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Something about nature loves a helix, the ubiquitous spiral shape taken on by DNA and many other molecules found in the cells of living creatures. Now physicists Randall Kamien and Yehuda Snir, from University of Pennsylvania, may have a mathematical answer to why this shape is so common in nature.
"The classic answer is that helices are helical because the shape is dictated by bonds between molecules. But that only answers how a helix is formed and not why they are that shape," said Kamien, a professor in Penn Department of Astronomy and Physics. "It turns out that a helix, essentially, is a great way to bunch up a very long molecule, such as DNA, in a crowded place, such as a cell."
Kamien and Snir modelled the contents of a cell as a solid tube in a solution of hard spheres (the tubes could represent parts of proteins and the spheres other molecules in the cell). As far as the spheres are concerned, the tube not only takes up the space it occupies in the cell, but also excludes them from being in a region around the tube that is dependent on the size of the spheres. This reduction in space increases the energy of the arrangement - the more "squashed" they are, the higher the energy. But in nature things tend to the have the lowest energy possible. By bending the tube into a helix (actually, the tube is bent so that it is centred on a helix curve), the amount of space denied to the spheres is reduced, as the excluded region begins to overlap on the turns. But there is a balancing act between the energy going in to bending the tube, and the energy released by giving the spheres more space, and this balance is affected by the relative sizes and geometries of the spheres and tube.
The tube (with radius t) actually excludes the spheres (with radius r) from a cylindrical
region of space with radius t+r (Figure A).
However as the tube bends into a helix, the excluded region outside the tube overlaps
on the bend, and reducing the size of the excluded volume (Figure B).
(Image reprinted with permission from Snir and Kamien, SCIENCE 307:1067 (2005).
Copyright 2005 AAAS.)
The researchers used this interaction of the spheres with the tubes, balancing the energy within the system, as a surrogate for the tight confines of the cell. Previous work published in Nature in 2000 suggested that, even without the spheres, in the confined environment of the cell the tubes would form helices with a particular geometry defined by their radius (R) and pitch (P - the distance between two points exactly one rotation apart on the helix). So, in Kamien and Snir's model, if the spheres are very small, the tube will bend into a helix with a pitch-to-radius ratio P/R = 2.5. Although this result has come entirely from a mathematical argument (which can also be used to study knot theory, finding optimal knots in the sense that they use the shortest amount of string), it closely agrees with the pitch-to-radius ratio found in models of real proteins.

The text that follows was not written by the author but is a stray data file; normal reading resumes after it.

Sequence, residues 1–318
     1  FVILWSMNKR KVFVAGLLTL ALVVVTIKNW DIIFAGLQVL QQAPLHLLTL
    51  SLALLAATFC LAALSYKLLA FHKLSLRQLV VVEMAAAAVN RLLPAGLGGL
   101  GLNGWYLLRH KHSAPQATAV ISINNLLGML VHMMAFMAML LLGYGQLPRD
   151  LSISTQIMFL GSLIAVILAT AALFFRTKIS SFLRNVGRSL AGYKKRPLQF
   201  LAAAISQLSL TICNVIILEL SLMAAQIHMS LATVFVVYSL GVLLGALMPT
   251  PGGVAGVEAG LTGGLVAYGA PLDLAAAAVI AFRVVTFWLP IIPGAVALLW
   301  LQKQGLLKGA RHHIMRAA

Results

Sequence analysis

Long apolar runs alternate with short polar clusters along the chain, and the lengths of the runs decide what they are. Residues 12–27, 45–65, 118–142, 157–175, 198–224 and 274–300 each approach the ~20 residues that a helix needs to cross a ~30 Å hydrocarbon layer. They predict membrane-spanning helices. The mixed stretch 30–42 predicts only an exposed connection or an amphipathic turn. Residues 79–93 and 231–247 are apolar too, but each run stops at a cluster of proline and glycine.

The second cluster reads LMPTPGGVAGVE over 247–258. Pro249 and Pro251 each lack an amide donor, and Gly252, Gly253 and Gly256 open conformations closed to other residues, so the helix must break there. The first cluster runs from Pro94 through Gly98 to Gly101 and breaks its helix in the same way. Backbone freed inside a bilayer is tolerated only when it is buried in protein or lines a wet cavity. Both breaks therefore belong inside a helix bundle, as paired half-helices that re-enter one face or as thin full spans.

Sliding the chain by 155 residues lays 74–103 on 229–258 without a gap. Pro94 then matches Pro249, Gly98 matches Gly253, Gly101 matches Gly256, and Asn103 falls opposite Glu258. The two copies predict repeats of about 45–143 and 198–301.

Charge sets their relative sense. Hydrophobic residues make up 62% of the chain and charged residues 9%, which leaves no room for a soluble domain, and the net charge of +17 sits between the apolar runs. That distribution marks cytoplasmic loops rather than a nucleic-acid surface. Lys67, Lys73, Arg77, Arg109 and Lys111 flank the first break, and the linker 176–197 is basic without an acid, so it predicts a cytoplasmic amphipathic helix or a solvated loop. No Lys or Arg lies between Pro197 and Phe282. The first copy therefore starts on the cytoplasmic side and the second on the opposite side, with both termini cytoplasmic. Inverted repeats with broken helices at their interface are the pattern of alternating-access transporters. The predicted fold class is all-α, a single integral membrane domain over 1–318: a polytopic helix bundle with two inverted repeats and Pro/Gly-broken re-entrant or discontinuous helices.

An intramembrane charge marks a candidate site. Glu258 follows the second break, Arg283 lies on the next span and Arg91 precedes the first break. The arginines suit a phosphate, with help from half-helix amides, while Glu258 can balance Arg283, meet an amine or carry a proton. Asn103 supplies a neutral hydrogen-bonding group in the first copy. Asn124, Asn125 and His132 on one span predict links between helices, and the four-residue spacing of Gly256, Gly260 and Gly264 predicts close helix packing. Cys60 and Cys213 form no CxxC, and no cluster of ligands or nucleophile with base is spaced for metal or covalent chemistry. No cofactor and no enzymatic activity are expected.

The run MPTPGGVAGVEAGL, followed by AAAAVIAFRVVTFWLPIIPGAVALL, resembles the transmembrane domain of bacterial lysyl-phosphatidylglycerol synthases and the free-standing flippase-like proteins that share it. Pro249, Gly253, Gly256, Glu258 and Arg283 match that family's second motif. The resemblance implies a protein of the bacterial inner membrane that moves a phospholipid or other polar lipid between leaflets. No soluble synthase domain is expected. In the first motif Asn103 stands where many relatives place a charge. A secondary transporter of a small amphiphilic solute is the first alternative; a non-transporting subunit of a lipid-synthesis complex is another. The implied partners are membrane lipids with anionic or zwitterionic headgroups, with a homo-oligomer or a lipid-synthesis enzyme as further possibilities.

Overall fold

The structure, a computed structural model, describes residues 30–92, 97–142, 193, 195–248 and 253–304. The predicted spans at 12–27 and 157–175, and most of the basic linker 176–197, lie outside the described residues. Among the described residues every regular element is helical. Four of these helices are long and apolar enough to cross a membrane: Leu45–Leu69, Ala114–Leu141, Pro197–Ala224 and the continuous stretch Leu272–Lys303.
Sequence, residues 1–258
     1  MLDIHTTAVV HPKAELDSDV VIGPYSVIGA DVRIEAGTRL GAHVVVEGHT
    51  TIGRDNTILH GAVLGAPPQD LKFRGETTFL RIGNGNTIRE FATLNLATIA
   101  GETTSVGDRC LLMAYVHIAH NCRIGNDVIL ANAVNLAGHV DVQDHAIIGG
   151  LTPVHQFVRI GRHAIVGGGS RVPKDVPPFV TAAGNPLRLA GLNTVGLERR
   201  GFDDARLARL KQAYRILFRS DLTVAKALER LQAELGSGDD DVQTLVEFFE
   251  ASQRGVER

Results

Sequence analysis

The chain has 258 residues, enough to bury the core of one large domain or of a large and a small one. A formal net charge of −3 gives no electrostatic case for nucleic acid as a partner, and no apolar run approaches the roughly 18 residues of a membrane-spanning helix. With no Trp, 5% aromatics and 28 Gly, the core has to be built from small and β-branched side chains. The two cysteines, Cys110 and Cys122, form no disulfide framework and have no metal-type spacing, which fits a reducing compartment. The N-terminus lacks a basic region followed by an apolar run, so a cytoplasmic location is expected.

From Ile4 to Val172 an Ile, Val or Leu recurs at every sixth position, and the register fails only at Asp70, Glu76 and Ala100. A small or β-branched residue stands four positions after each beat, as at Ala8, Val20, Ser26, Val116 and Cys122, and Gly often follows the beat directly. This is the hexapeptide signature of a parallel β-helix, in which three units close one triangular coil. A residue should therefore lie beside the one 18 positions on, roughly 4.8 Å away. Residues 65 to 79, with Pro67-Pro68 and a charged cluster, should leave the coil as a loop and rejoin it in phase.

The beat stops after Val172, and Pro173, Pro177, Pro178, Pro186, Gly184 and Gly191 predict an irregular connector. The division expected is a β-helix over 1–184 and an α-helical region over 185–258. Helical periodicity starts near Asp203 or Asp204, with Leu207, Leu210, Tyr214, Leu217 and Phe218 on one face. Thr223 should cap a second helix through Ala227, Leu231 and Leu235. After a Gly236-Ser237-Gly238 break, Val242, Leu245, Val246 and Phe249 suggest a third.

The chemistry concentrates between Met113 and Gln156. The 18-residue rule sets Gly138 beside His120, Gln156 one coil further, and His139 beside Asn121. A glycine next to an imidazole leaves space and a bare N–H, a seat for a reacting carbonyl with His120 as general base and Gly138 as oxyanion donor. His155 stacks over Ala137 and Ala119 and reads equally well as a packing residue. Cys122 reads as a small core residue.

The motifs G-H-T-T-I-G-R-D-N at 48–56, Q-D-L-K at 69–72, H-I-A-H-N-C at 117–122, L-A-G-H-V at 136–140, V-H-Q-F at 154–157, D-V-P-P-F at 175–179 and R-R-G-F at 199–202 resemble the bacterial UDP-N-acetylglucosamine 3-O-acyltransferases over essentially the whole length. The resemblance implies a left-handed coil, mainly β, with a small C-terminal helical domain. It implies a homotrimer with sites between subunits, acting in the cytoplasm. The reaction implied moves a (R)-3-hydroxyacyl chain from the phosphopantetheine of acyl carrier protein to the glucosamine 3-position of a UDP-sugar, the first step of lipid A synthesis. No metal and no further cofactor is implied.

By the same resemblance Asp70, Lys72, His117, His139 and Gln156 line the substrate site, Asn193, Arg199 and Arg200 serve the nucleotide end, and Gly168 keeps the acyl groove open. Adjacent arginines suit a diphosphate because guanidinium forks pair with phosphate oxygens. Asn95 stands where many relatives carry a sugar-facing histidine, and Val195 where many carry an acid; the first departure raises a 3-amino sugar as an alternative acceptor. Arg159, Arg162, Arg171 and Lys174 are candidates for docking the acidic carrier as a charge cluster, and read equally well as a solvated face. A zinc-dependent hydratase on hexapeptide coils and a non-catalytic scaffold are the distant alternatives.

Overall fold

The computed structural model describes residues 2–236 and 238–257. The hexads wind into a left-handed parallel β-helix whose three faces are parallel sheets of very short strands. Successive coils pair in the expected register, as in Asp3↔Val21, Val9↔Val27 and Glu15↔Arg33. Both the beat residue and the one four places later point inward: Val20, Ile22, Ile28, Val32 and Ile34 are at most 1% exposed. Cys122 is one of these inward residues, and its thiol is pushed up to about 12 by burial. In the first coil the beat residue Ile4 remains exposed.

As the cell becomes more crowded, the tube is bent into a tighter and tighter helix (Image by Randall D. Kamien)
However, as the spheres grow very large, this optimal pitch-to-radius ratio decreases and tends towards zero, and the tube unwinds to become straight. And if the spheres are neither very large nor very small compated to the tube, as the concentration of spheres increases - as the cell becomes more crowded - the tube is again bent to form a helix, as the energy from interacting with the spheres as the tube takes up more space overcomes the energy needed to bend the tube.
The researchers say that their result suggests a mathematical explanation for the helices found in many situations in biology, such as at the onset of protein folding. "It would seem that the success of the helix as a shape in biological molecules is a case of nature working the best it can with the constraints at hand," Kamien said. "The spiral shape of DNA is dictated by the space available in a cell much like the way the shape of a spiral staircase is dictated by the size of an apartment."